US Secretary of State Mike Pompeo says he wants a "clean" internet.
What he means by that is he wants to remove Chinese influence, and Chinese companies, from the internet in the US.
But critics believe this will bolster a worrying movement towards the breaking up of the global internet.
The so called "splinternet" is generally used when talking about China, and more recently Russia.
The idea is that there's nothing inherent or pre-ordained about the internet being global.
For governments that want to control what people see on the internet, it makes sense to take ownership of it.
The Great Firewall of China is the best example of a nation putting up the internet equivalent of a wall around itself. You won't find a Google search engine or Facebook in China.
What people didn't expect was that the US might follow China's lead.
Yet critics believe that is the corollary of Mr Pompeo's statement on Thursday.
Mr Pompeo said he wanted to remove "untrusted" applications from US mobile app stores.
"People's Republic of China apps threaten our privacy, proliferate viruses, and spread propaganda and disinformation," he said.
The first question that sprang to mind was: what are the Chinese apps that Mr Pompeo does trust? The assumption is very much that he's talking about ALL Chinese apps.
"It's shocking," says Alan Woodward, a security expert based at the University of Surrey. "This is the Balkanisation of the internet happening in front of our eyes.
"The US government has for a long time criticised other countries for controlling access to the internet… and now we see the Americans doing the same thing."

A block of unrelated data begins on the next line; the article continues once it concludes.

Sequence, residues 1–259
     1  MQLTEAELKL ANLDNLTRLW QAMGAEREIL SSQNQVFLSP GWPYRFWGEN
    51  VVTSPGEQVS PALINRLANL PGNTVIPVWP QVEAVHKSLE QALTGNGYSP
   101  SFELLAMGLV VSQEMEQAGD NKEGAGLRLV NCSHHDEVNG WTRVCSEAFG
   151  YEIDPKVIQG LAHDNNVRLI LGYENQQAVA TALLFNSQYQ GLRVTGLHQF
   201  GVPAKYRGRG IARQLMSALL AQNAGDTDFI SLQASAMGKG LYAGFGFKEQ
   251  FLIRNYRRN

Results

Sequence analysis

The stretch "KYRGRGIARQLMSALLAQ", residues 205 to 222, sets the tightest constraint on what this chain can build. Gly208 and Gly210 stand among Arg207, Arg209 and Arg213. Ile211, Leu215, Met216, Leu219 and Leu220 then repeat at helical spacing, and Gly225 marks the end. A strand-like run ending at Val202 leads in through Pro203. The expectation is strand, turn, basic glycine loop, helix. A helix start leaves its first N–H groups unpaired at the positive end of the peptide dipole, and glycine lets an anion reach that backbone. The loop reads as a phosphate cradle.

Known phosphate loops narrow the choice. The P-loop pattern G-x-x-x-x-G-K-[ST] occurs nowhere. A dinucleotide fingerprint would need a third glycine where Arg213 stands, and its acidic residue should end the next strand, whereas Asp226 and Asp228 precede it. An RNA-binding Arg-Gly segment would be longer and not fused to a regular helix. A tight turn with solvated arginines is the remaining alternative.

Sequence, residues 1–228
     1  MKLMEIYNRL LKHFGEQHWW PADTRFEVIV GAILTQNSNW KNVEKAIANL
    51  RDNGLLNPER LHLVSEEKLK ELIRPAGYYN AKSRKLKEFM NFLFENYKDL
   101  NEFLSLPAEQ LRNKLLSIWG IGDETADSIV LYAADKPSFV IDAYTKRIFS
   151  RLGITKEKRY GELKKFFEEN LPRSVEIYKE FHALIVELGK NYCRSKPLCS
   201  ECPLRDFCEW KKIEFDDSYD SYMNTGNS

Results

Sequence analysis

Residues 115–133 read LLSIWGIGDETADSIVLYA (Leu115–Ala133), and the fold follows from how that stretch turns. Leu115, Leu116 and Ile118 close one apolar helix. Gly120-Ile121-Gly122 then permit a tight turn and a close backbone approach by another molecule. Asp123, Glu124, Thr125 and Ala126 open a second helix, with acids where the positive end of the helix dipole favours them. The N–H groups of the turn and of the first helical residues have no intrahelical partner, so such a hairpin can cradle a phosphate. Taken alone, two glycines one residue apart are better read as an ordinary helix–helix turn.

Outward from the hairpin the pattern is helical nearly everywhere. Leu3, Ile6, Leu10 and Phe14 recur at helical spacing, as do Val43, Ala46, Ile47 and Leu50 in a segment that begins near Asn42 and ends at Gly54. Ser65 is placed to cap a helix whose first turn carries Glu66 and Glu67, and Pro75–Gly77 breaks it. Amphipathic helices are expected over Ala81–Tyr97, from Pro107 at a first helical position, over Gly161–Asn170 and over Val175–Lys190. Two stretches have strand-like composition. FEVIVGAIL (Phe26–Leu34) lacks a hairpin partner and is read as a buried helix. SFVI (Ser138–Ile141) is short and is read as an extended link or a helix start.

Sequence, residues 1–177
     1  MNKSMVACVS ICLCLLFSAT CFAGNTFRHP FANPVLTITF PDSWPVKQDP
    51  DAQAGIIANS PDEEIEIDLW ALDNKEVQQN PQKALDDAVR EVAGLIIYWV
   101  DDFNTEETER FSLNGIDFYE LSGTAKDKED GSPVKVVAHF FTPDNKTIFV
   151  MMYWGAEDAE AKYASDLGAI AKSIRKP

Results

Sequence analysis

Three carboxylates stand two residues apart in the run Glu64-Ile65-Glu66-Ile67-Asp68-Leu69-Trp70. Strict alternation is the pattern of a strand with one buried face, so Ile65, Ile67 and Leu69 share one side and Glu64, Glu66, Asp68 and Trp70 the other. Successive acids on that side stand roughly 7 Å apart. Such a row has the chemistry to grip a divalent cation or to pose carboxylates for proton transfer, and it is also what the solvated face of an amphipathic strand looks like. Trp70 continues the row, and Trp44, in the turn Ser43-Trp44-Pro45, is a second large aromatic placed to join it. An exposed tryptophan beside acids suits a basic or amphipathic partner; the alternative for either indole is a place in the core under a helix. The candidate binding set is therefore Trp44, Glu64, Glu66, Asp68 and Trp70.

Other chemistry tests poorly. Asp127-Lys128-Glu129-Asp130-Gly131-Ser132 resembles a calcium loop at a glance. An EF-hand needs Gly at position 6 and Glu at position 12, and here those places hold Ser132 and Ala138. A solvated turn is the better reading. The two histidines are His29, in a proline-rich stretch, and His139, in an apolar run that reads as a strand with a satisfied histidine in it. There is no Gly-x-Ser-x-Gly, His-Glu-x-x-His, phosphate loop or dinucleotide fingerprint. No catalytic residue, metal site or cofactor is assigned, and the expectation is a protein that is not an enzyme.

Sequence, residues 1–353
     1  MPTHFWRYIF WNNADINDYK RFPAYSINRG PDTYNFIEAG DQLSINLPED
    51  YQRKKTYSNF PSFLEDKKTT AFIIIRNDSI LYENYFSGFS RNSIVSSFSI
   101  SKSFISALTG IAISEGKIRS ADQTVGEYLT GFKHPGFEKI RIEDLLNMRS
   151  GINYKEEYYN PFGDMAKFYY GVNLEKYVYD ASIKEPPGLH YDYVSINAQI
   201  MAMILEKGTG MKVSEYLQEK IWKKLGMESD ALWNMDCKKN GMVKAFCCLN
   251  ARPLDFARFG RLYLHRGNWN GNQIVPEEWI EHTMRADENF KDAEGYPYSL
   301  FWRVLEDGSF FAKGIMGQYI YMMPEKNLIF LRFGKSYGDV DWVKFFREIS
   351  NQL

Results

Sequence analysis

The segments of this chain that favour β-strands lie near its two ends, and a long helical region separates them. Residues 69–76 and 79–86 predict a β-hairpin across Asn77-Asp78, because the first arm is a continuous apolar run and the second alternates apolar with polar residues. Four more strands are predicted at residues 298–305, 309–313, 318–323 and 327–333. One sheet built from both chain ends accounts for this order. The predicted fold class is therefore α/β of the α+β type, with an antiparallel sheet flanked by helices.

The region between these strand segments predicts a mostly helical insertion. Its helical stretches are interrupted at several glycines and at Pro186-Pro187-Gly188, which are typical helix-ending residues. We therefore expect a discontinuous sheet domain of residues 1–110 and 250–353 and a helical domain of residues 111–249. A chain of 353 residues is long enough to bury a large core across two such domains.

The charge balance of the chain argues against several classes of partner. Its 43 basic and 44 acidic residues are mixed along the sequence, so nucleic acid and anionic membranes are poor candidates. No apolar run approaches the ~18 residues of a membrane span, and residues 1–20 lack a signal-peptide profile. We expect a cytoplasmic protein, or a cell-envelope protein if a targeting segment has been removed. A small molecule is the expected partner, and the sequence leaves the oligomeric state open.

That might be a slight exaggeration. Mr Pompeo's reasons for "cleaning" the US network of Chinese companies is very different to authoritarian government's desire to control what is said online.
But it's true that if Mr Pompeo were to go down this road, it would be reversing decades of US cyber-policy.
If there is one country that has championed a free internet, based on the constitutional tenets of free speech, it is America.
President Donald Trump's administration has taken a different approach though, in part because of the legitimate security concerns that some Chinese companies operating in the US raise.
Alex Stamos, former chief security officer at Facebook, told me that much-mentioned TikTok was just the tip of the iceberg in terms of Chinese apps to worry about.
"TikTok isn't even in my top 10," he told me.
The app Mr Stamos suggests the US should be more wary of is Tencent's WeChat.
"WeChat is one of the most popular messaging apps in the world… people run companies on We Chat, they have incredibly sensitive information."
Mr Pompeo has also namechecked WeChat as a potential future target.
It's hard not to view this through the prism of the US elections in November. Mr Trump's anti-China rhetoric isn't limited to tech.
Policy or posture?
So is this a policy position - or simply posture?
Mr Trump may also of course lose in November. The Democrats would probably take a more moderate position on Chinese tech.
But, as it stands, Mr Trump's vision of the US internet - an internet in the main free of China - makes it a far more divided place.
The great irony is that the internet would then look a lot more like China's vision.
Just look at TikTok itself. If Microsoft does buy the US arm there will be three TikToks.
A TikTok in China (called Douyin). A rest of the world TikTok. And a TikTok in the US.
Could that be a model for the future of the internet?